FX WEEK AHEAD OVERVIEW:
- The June ECB meeting on Thursday is the most important central bank meeting of the week; on Tuesday, the Reserve Bank of Australia may wait longer to strengthen its efforts; and on Wednesday, the Bank of Canada may confirm the recent pullback in rate cut odds.
- North American labor markets are in focus at the end of the week, with American and Canadian jobs reports due out at 8:30 EST/12:30 GMT on Friday, June 5.
- Retail trader positioningsuggests that the US Dollar be facing a choppier trading environment in the runup to the September Fed meeting.
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Trading Forex News: The Strategy
06/02 TUESDAY | 04:30 GMT | AUD Reserve Bank of Australia Rate Decision
According to Australia overnight index swaps, there is a 42% chance of a 25-bps rate cut at the June RBA meeting. But given the commentary from RBA Governor Lowe suggests that the central bank is not prepared to move rates into negative territory, making any further rate cuts unlikely; the pricing may be a quirk due to the shape of the Australian bond yield curve.
To this end, the RBA has said that it will target the three-year bond yield at 0.25% – the same rate as the overnight cash rate – which is a reasonable assumption that the RBA will keeping its overnight cash rate at 0.25% or lower for at least the next three years. Like the RBNZ, lower rates may be coming soon for the RBA – just not quite yet.
Pairs to Watch: AUD/JPY, AUD/NZD, AUD/USD
06/03 WEDNESDAY | 14:00 GMT | CAD Bank of Canada Rate Decision
Ahead of the June BOC meeting, according to Canada overnight index swaps, rates markets think that the BOC is extremely unlikely to act at the forthcoming meet (4% chance of a 25-bps rate cut), even if more is being done to gear-up extraordinary policy efforts. Just two weeks ago, OIS were discounting a 55% chance of a 25-bps rate cut by December 2020; these odds now sit at 15%.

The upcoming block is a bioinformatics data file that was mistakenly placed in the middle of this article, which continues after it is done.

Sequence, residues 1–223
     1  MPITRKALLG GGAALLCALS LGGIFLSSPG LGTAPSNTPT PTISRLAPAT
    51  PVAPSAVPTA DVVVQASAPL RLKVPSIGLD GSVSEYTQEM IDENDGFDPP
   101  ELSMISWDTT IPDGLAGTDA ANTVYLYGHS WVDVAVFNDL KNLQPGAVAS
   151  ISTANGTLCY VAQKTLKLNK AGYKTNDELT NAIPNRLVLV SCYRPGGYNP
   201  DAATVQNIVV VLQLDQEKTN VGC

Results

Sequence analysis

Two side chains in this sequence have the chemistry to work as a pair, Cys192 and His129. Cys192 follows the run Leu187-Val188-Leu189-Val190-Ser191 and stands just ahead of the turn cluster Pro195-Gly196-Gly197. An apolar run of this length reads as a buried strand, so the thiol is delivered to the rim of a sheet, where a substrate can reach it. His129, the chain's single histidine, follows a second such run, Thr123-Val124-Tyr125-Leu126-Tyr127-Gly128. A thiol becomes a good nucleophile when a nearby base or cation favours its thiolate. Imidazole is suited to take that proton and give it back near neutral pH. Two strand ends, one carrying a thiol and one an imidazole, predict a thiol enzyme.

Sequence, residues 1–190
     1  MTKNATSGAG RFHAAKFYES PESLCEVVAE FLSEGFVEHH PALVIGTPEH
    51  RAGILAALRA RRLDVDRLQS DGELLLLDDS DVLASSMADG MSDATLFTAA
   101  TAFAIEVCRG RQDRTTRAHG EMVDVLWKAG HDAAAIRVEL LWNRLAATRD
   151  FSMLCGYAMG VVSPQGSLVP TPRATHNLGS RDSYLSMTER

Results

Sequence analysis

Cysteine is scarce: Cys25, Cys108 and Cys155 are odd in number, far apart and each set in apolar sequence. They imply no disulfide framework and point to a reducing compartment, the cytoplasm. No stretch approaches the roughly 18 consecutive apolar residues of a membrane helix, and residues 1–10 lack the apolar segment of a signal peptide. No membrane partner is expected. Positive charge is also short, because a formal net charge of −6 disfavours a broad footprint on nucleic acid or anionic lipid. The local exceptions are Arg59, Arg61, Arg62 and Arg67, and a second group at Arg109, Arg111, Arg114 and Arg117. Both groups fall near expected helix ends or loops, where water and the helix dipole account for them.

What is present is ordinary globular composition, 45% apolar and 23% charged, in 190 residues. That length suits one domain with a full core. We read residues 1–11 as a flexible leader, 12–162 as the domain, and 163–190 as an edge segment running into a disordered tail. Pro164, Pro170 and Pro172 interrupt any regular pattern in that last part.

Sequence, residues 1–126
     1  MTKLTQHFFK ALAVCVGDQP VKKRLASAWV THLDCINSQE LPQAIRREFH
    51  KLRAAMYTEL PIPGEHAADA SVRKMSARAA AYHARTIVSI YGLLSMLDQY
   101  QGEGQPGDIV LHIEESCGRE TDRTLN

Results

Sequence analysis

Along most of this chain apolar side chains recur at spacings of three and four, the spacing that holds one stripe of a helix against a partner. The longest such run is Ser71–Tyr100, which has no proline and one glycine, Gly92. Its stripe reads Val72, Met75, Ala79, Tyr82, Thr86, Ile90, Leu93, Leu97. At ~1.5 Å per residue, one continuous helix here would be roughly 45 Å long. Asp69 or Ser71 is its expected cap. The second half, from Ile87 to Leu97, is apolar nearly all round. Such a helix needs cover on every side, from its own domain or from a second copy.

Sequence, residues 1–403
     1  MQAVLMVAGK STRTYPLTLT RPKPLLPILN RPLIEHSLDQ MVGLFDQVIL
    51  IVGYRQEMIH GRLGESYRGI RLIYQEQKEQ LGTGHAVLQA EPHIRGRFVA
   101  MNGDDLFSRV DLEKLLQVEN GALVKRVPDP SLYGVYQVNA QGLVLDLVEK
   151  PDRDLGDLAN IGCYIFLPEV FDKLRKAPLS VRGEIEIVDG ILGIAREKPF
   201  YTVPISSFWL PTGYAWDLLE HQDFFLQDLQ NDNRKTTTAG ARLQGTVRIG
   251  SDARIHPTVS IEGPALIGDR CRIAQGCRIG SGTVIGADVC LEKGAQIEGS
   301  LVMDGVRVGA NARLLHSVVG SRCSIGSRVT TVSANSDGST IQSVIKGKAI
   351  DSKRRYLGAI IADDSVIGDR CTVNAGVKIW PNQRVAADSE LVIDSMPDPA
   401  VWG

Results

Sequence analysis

06/04 THURSDAY | 11:30 GMT | ECB European Central Bank Rate Decision
The June ECB meeting comes at an optimistic moment for the Euro, now that fiscal policymakers are pulling together plans for jointly-issued debt, a necessary step towards fiscal union – one of the Euro’s points of vulnerability since its inception. Accordingly, ECB President Largarde doesn’t need to deliver a “whatever it takes” moment in the vein of her predecessor; and moreover, any efforts taken at all (say, in the form of the rumored €500 billion asset purchase program) will further move the Euro away from the edge of an existential crisis. To this end, looser monetary policy from the ECB may not lead to a weaker Euro.
06/05 FRIDAY | 12:30 GMT | CAD Employment Change & Unemployment Rate (MAY)
The Canadian economy has seen a sharp pullback in its labor market, not dissimilar from other developed countries in the world, but certainly not as bad as its neighbor to the south. The May Canada jobs report offers some hope for the Canadian economy, insofar as the expected rate of job losses is due to be curtailed considerably: the Canadian labor market shed over 1.99 million jobs in April, but is only due to have lost another 500K in May (effectively a -75% drop in the rate of job losses). To this end, the May Canada unemployment rate is expected to tick higher, but relatively speaking, only modestly, from 13% to 15%. Such data may kindle hope that ‘the bottom’ is nearby for the Canadian economy.
06/05 FRIDAY | 12:30 GMT | USD Nonfarm Payrolls & Unemployment Rate (MAY)
The US economy has been hit hardest by the coronavirus pandemic, with now more than 40 million Americans having filed for unemployment benefits across the 50 states, per the most recent weekly jobless claims report. The forthcoming data remains harrowing, if no longer apocalyptic: a survey compiled by Bloomberg News forecasts 8.25M jobs were lost in May after the US economy shed 20.5 million jobs in April. To this end, the unemployment rate is expected to march higher still, from 14.7% to 19.7%.
Yet there is an argument to be made that these US jobs data won’t impact markets at all. Consider the reaction to the most recent US jobs report, where markets barely moved. This can be attributed to the fact that the weekly initial jobless claims figures can be used to, more or less, reverse engineer the monthly nonfarm payrolls figure (even by going so far as making the assumption that zero jobs have been added during the month).
Accordingly, instead of one massive US jobs report to look forward to each month, the market has since turned its attention to the weekly initial jobless claims, and now, the weekly continuing jobless claims, for a more frequent insight into the state of the US labor market.
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— Written by Christopher Vecchio, CFA, Senior Currency Strategist